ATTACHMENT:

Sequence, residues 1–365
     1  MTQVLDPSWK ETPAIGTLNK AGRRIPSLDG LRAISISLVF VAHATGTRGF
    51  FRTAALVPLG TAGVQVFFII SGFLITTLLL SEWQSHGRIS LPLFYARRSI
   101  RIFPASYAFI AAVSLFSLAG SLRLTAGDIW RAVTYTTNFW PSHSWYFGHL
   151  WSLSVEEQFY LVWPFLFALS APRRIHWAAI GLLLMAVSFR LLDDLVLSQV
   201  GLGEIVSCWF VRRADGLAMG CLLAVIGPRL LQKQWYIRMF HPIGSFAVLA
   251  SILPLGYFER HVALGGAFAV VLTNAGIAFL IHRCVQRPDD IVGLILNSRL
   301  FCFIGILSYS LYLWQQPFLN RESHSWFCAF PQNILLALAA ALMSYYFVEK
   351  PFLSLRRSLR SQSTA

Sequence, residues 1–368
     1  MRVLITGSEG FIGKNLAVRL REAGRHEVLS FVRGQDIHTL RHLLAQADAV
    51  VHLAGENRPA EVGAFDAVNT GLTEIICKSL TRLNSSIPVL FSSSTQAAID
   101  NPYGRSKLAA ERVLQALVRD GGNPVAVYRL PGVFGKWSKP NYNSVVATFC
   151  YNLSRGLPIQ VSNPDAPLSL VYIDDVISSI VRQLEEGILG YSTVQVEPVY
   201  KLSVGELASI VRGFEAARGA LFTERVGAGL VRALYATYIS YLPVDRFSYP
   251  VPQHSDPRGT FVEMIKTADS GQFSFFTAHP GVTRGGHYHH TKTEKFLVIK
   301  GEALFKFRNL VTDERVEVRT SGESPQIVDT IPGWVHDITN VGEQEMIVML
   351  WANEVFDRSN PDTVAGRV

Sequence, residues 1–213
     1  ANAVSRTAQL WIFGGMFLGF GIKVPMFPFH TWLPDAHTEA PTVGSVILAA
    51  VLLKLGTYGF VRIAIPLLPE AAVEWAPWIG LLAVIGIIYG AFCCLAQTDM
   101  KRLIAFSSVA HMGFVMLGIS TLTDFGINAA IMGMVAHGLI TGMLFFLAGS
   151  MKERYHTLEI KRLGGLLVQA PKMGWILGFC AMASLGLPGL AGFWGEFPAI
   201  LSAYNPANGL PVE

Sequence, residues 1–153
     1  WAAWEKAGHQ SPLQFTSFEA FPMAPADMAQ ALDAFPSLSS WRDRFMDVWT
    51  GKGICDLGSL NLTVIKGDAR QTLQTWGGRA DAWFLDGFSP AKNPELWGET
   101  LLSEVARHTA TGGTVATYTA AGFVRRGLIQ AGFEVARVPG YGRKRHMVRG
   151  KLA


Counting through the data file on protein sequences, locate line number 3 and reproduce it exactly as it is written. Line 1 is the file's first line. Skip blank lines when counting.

    51  FRTAALVPLG TAGVQVFFII SGFLITTLLL SEWQSHGRIS LPLFYARRSI